; Marcin, Barczynski1
1 Third Chair of General Surgery, Jagiellonian University, Medical Collage, Krakow, Poland
Despite progress in preoperative work-up incidentally diagnosed thyroid cancer remains a clinical problem. The aim of this study was to estimate prevalence of incidentally diagnosed papillary thyroid cancer (PTC) in patients with benign or indeterminate unilateral thyroid nodule/s.
This was a retrospective cohort study. Medical record of 3597 patients with benign thyroid disease operated in 2010-2016 were reviewed. Inclusion criterion was unilateral thyroid lobectomy for benign (Bethesda 2) or indeterminate (Bethesda 1 or 3) unilateral thyroid disease. Primary outcome
was prevalence of PTC diagnosed incidentally in the postoperative histopathological report.
A group of 458 patients were eligible for the study (mean age 40.2 ± 13.4 years, F:M ratio (9:1). There were: 214 (46.7%) patients classified as Bethesda 1, 132 (28.8%) patients classified as Bethesda 2, and 112 (24.5%) patients classified as Bethesda 3. PTC was diagnosed in 36/458 (7.9%) patients. Prevalence of PTC was: 25/214 (11.7%) vs. 3/132 (2.3%) vs. 8/112 (7.1%) among Bethesda 1 vs. Bethesda 2 vs. Bethesda 3 lesions, respectively. PTC staged as pT1a was predominant and identified in 22/36 (61.1%) patients, followed by pT1b diagnosed in 6/36 (16.7%) patients, pT2 in 4/36 (11.1%), and pT3 in 4 (11.1%) patients. Completion thyroidectomy was offered to 14/36 (38.9%) patients.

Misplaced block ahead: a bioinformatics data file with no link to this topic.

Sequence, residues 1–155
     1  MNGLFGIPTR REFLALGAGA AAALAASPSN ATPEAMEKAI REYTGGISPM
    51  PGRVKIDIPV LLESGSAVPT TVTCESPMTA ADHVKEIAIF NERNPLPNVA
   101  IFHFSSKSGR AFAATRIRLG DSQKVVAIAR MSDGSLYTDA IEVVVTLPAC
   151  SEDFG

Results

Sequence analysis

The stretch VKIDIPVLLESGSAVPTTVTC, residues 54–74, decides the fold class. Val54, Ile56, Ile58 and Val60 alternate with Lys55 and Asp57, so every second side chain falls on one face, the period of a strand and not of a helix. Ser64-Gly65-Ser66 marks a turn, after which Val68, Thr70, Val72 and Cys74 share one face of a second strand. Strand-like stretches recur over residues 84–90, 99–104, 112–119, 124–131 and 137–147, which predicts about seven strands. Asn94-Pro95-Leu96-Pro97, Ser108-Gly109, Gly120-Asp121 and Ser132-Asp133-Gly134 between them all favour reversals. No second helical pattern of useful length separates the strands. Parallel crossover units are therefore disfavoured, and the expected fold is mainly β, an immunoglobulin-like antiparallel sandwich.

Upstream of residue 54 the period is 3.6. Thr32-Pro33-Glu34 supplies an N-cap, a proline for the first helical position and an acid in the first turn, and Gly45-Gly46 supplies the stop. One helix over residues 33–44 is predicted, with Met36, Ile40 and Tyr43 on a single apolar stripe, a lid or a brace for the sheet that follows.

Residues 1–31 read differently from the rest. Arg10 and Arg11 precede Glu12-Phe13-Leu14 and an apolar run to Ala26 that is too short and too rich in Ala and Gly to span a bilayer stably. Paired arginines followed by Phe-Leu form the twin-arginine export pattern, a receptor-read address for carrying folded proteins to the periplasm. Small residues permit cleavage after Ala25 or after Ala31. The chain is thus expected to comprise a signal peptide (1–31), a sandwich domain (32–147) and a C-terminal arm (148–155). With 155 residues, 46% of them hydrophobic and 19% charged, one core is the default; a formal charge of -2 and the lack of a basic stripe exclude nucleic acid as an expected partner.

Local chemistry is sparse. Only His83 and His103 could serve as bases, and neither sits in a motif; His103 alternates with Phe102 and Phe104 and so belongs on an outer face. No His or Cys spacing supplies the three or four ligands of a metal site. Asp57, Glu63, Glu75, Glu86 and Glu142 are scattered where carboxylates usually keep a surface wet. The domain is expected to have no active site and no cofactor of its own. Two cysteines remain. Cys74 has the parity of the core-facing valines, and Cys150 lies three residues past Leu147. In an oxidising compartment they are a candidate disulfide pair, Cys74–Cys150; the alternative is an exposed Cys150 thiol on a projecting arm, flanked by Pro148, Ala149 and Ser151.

Discussion & Conclusion:
PTC is diagnosed on incidental basis in 1 out of 14 patients with unilateral thyroid lesion/s classified preoperatively as Bethesda 1 or 3. Completion thyroidectomy may be considered in one-third of these patients with tumors staged as pT1b or higher.